What is Regenokine?

What is regenokine? This past week I evaluated a patient from Connecticut who works in finance. He had been to Germany to get the Regenokine treatment on his low back, which didn’t work. He had educated himself quite extensively about his spine and relayed some fascinating things about the state of the art of spine care in Germany. In addition, I explained to him the differences between PRP, a stem cell treatment, and Regenokine.

Regenokine is a rebranding of an old technology called Orthokine. What is it? Well let’s start first with what it’s not. It’s not a stem cell treatment, in fact it’s a serum anti-inflammatory treatment used extensively in the U.S. by large animal veterinarians. In that world, it’s largely been replaced by the much more effective platelet rich plasma (PRP). Why. Orthokine was a great replacement at the time (in the 90s and early 2000s) for steroid anti-inflammatories. Regnokine is made by taking the serum from blood and incubating it with zinc etched glass beads. It’s believed that it’s rich in IRAP (Interleukin 1 Receptor Antagonist Protein) which is a natural anti-inflammatory. There are no growth factors to prompt healing like PRP or stem cells, hence many vets have now moved in the direction of more effective PRP. How effective is Regenokine? IRAP is not very effective for knee osteoarthritis based on the published research.

What was interesting about this gentleman’s Germany experience was the technology mismatch with the U.S. He knew that in the United States (where most of interventional pain management was born) the standard of care for injecting IRAP or anything else in his facet joints of his low back would be x-ray or other active guidance where the needle was watched as it entered the joint. However, what did he find in Germany? They took a CT Scan of his low back (which is below the U.S. standard of care which would be an MRI) which exposed him to about 100 times more radiation than was necessary. Did they use that CT scan to guide the needles into his facet joints? No, they used it to draw a map with pen on his back of where the facet joints should kind of be located. What’s the likelihood that they got into his facet joints with that approach? Slim. Why do it this way? Your guess is as good as mine as it’s so far below the U.S. care standard and it would never fly here.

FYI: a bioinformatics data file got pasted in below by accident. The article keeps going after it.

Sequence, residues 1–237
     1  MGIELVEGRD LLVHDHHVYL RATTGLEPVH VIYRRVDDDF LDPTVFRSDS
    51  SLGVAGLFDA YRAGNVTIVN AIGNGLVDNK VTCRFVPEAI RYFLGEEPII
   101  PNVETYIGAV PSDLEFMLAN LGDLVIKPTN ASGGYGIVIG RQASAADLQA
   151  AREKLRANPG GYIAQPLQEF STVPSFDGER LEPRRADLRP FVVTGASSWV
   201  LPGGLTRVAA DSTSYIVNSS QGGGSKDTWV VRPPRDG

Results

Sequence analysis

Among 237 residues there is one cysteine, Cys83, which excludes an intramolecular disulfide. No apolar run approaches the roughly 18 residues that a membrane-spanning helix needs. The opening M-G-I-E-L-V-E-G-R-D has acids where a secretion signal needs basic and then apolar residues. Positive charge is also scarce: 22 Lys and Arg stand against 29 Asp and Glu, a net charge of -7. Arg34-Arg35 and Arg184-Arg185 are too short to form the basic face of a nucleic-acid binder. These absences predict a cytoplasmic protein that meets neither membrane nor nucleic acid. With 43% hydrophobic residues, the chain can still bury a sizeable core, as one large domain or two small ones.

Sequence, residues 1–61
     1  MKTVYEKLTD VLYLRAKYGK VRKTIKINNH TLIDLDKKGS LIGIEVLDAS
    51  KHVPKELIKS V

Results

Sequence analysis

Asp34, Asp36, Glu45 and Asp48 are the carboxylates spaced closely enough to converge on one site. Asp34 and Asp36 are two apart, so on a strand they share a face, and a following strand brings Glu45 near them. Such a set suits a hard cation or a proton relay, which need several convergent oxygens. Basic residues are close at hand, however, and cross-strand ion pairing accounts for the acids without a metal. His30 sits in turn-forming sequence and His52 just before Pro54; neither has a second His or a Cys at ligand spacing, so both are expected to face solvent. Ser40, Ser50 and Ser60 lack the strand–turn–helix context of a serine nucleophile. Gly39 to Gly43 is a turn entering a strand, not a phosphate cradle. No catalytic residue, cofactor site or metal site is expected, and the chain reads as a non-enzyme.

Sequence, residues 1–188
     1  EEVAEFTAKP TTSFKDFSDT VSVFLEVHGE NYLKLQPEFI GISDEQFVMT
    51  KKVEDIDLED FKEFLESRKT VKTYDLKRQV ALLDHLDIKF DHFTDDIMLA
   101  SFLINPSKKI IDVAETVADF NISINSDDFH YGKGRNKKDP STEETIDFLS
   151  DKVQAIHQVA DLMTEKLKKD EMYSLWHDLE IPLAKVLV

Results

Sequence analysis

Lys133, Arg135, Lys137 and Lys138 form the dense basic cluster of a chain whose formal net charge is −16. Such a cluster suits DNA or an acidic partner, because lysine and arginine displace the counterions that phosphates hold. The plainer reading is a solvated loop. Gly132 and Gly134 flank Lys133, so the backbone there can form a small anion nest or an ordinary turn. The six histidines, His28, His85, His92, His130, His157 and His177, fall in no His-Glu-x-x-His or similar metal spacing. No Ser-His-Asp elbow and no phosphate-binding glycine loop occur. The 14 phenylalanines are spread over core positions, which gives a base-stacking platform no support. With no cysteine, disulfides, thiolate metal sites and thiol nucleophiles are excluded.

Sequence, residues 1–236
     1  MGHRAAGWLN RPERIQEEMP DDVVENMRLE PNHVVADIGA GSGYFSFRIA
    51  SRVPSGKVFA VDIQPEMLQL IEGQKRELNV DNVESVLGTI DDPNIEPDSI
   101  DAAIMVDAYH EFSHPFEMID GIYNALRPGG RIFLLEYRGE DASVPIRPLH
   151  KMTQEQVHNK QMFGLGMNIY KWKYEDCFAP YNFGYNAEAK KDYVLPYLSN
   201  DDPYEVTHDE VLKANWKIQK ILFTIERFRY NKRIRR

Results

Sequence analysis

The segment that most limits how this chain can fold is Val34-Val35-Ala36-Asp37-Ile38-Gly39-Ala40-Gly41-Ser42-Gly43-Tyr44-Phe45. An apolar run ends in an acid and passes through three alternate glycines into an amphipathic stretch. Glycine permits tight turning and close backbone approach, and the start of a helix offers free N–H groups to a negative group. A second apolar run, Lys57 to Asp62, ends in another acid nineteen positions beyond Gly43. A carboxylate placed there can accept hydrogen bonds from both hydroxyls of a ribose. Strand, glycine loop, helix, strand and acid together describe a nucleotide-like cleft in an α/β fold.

Here’s what this patient had to say about his trip to Colorado for Regenexx:

“My trip to Colorado was without a doubt the best orthopedic experience I have ever had.  Getting an hour to talk with you about my problems, a thorough MRI and ultrasound diagnosis, and coming up with a plan for me to get my back stable in a way I can return to the activities that I love seemed revolutionary comparison to the rushed visits I feel I receive at other clinics.  The specific multifidus focus from the MRI I think will be a game changer in how I rehab. Everyone in your office was incredibly professional, in particular Jessica did an excellent job fitting me in to a very busy schedule that you guys have and creating time so that I could get my shoulder done as well.”

The upshot? Regenokine is not regenerative, but a natural anti-inflammatory shot that lasts for about 6-9 months and has generally long since been abandoned by U.S. vets for more effective platelet rich plasma. In addition, as I’ve blogged before, the interventional spine standard of care in Europe is much different than in the U.S., so buyer beware!

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Chris Centeno, MD is a specialist in regenerative medicine and the new field of Interventional Orthopedics. Centeno pioneered orthopedic stem cell procedures in 2005 and is responsible for a large amount of the published research on stem cell use for orthopedic applications. View Profile

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NOTE: This blog post provides general information to help the reader better understand regenerative medicine, musculoskeletal health, and related subjects. All content provided in this blog, website, or any linked materials, including text, graphics, images, patient profiles, outcomes, and information, are not intended and should not be considered or used as a substitute for medical advice, diagnosis, or treatment. Please always consult with a professional and certified healthcare provider to discuss if a treatment is right for you.